Saturday 3 May 2014

Upton Court parkrun

Upton is one of the villages that helped develop the town of Slough - nowadays it is classed as a suburb of the town. The name comes from its situation at the top of the slope from the river terrace - the various levels having been formed during the ice age. Upton Court park is the largest of Slough's parks and is located in the south east corner of the borough. It is the main sports park in the area and is home to Slough rugby, hockey, and cricket clubs. Since 1988 it has also been home to Remote World Model Car Club who have a purpose built racing track in the park. The park is also right next to the CIA, UK Headquarters.

upton court park

Travelling to the venue by car is easy-peasy, and with the M4 being just south of the venue long-distance parkrun tourists can easily reach the vicinity of the venue before moving onto the local (slower) roads. Vehicles can be parked free of charge in the main car park just off Upton Court Road, or for those who like to be closer to the start/finish, you can park in Slough Rugby Club's car park.

parkrun (someone had defaced the sign but i washed the offending text away)

Those travelling by train can alight at Slough station, but will need to leave some extra time to complete the remainder of the journey which is just over 2 kilometres. I couldn't see any proper bike racks in the park but there were one or two chained to the barrier that runs around the perimetre of the rugby field.

just waiting for the runners to arrive

Once in the park, the runners need to head for the South East corner (the rugby club), which is where the run starts and finishes. If you have parked in the main car park, it's about 600 metres as the crow flies across to the start/finish area. Being just north of the main flight path for planes landing at London Heathrow means that the runners can enjoy watching an almost constant stream of low-flying aircraft.

the start line (nice and wide)

Every now and then I come across a venue where the parkrun has truly made its mark on the park that it calls home and this is one of them. At Upton Court there are five permanent kilometre markers dotted around the park which is brilliant for checking your splits as you progress around the course.

1k marker and plane heading into heathrow

The course is almost completely flat and consists of two laps - the first is around 2.7km and the second is around 2.3km. Underfoot is approximately two-thirds grass and a third tarmac. Based on the high percentage of grass and that it had been raining in the days leading up to my visit, I decided to wear my trail shoes, but I would have been fine in standard road shoes on the day I visited.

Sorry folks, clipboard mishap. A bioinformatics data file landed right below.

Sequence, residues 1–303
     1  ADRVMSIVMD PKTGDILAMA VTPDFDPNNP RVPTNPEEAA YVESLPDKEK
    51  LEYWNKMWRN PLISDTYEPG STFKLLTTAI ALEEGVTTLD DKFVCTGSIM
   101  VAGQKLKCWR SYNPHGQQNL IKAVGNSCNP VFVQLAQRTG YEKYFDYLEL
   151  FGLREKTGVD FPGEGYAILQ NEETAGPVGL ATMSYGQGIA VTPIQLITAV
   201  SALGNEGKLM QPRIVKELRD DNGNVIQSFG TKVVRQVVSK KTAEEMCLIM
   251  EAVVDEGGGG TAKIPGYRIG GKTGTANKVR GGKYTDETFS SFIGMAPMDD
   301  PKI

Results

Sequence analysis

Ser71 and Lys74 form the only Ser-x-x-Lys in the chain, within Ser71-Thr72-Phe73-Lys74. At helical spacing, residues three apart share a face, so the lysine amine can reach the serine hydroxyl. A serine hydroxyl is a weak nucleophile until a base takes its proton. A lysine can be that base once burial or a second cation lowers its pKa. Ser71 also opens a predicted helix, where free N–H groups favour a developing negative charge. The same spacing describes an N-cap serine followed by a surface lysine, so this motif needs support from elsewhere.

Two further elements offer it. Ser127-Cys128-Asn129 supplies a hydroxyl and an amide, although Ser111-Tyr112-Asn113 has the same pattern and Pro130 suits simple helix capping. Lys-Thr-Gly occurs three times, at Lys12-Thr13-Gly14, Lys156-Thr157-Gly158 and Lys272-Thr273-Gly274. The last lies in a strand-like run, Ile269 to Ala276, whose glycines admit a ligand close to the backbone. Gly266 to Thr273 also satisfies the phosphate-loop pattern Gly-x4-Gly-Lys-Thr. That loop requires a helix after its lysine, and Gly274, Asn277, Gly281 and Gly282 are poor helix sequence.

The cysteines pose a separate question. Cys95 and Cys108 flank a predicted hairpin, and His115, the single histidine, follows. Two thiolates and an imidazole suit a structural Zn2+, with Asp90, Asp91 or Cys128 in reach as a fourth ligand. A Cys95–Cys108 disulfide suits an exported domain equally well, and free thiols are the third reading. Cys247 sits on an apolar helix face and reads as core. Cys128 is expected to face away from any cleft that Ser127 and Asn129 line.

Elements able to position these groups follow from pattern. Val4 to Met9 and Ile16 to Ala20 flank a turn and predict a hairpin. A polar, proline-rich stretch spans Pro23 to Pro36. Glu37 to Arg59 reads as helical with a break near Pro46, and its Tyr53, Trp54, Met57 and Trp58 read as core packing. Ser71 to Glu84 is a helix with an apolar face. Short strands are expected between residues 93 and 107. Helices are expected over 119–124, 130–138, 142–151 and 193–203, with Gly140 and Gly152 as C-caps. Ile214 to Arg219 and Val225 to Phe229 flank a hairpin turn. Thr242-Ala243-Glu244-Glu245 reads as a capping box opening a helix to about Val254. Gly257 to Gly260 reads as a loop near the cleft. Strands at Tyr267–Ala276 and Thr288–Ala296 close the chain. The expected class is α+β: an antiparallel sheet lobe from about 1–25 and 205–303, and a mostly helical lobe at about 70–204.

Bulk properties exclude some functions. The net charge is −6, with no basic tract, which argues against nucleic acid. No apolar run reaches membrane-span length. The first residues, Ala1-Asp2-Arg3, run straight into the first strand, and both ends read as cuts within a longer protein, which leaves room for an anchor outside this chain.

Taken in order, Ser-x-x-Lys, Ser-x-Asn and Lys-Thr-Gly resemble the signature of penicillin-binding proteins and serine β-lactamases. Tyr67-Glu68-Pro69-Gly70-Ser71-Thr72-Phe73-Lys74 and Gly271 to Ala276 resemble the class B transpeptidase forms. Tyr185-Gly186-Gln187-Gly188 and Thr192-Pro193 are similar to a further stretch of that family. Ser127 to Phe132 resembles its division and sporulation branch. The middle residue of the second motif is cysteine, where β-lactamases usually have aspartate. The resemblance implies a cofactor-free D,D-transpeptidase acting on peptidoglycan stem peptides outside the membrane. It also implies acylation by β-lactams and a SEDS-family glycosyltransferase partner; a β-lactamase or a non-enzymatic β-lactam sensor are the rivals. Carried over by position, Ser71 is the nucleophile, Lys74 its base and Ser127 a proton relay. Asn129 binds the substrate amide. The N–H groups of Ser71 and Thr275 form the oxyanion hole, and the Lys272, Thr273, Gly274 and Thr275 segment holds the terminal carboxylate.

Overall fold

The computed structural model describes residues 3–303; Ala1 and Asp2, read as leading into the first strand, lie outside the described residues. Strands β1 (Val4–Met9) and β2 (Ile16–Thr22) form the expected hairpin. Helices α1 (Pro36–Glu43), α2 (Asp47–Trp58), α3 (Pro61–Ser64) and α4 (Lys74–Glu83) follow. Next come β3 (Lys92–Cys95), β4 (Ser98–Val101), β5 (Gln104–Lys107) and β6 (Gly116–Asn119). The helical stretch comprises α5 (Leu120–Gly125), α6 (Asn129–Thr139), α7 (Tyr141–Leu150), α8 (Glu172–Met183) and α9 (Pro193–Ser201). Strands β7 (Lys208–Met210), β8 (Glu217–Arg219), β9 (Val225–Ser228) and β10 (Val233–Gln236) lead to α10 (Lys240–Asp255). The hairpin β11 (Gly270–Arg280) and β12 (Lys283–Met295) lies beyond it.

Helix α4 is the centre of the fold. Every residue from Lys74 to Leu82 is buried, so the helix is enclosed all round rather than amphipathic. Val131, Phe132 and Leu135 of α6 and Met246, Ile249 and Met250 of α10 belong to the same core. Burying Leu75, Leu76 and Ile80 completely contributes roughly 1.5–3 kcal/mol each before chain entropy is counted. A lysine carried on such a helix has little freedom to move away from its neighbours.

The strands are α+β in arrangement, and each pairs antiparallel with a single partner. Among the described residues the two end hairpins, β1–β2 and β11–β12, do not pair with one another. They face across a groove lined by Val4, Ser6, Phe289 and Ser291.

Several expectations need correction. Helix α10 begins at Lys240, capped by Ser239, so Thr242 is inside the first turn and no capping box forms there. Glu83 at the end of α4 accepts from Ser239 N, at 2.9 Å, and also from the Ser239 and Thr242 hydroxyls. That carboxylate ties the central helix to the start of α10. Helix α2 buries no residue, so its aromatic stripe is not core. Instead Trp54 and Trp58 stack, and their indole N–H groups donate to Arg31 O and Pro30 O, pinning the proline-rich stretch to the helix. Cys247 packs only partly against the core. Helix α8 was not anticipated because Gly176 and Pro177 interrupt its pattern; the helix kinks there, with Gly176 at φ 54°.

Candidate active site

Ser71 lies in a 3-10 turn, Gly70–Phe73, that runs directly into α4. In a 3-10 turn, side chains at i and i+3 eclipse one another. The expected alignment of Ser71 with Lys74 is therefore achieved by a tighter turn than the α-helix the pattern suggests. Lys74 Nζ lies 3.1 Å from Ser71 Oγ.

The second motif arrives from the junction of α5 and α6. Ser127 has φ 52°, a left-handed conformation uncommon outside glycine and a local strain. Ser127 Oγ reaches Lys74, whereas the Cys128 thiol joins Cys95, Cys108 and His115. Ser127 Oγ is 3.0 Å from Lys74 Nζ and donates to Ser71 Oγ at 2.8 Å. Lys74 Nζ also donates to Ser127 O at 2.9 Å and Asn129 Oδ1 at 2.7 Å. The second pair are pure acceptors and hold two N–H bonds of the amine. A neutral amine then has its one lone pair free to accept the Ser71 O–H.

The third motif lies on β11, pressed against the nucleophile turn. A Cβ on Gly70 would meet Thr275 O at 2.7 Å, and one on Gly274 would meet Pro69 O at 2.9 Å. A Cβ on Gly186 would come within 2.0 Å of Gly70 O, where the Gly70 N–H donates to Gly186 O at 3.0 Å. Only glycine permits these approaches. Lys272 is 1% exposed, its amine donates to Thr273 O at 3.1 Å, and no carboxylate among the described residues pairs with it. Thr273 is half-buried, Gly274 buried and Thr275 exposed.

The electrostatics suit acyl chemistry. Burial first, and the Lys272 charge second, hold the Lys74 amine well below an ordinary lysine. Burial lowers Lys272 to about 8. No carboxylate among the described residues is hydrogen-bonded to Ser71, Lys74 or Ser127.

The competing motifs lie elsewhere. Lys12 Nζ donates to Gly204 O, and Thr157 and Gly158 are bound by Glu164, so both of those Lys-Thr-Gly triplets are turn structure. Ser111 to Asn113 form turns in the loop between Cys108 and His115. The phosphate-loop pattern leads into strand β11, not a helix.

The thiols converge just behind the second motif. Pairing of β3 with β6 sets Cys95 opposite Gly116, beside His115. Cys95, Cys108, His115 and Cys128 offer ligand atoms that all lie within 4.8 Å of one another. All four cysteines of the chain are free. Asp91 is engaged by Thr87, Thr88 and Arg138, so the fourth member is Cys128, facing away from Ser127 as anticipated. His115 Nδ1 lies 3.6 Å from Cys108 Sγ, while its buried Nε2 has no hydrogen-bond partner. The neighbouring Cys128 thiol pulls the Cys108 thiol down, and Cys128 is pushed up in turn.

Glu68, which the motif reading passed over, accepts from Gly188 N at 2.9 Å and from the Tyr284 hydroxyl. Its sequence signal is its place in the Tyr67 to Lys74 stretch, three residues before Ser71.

if i was using a better camera you might be able to see the castle properly

The run starts on the grass near the rugby club and heads north past the wild flower beds (but no wild flowers here when I visited) - this part is on the slightest incline. There is no real defined path while on the grass but the course is marked with cones every now and then - just keep an eye out ahead for the next one and run towards it. The runners continue all the way to the far end where the park meets Upton Court Road.

the shared-use path

At this point the runners turn left and run adjacent to the road (still on grass), passing the 1km marker and then reaching the park's internal tree-lined avenue. Turning onto the avenue, which is ever-so-slightly downhill the runners now have a fantastic view of Windsor Castle in the distance. On lap one, the runners only cover a brief stretch of the avenue before being directed to their right to complete a three-quarters of a lap of the sports field. On lap two, the runners continue straight along the road, cutting out the sports field.

area with wild flowers

After passing the motocross track (you won't see it, but it is there) and exiting the sports field (lap 1 only) or reaching the end of the avenue (lap 2), the runners join the shared-use cycle path that runs through southern part the park and can admire the wild flowers as they head back towards the start/finish area. At the end of lap 1, the runners rejoin the grass at the start area to start their second, shorter lap. Second time around, the runners dive into the finish funnel and collect that all-important finish token from one of the friendly volunteers.

this week a tree had fallen

Post-run, the Upton Court parkrun community head into the rugby clubhouse to have their barcode and position tokens scanned before settling down for a cuppa and/or some breakfast - They may not offer the healthiest options but the prices are very reasonable. The toilets are also located in the building, so they are conveniently placed for the run. It is also fine to leave any bags etc in the clubhouse during the run.


So as a venue to run at, it has lots going for it. The grass underfoot is lovely to run on. It gives a nice soft landing and is nicely trimmed which makes it possible to maintain a decent pace all the way around. The course is easy to follow and is absolutely fine for a spot of buggy running. I also really enjoyed the last bit of path where there are a few twisty corners to negotiate.

what a character

This was venue number six of the #7weeksofparkrun challenge. Upton (Slough) is in Berkshire so is the sixth county and again I managed to finish in under 20 minutes (18.53 - full results). Meaning that all elements of the challenge are coming along nicely.

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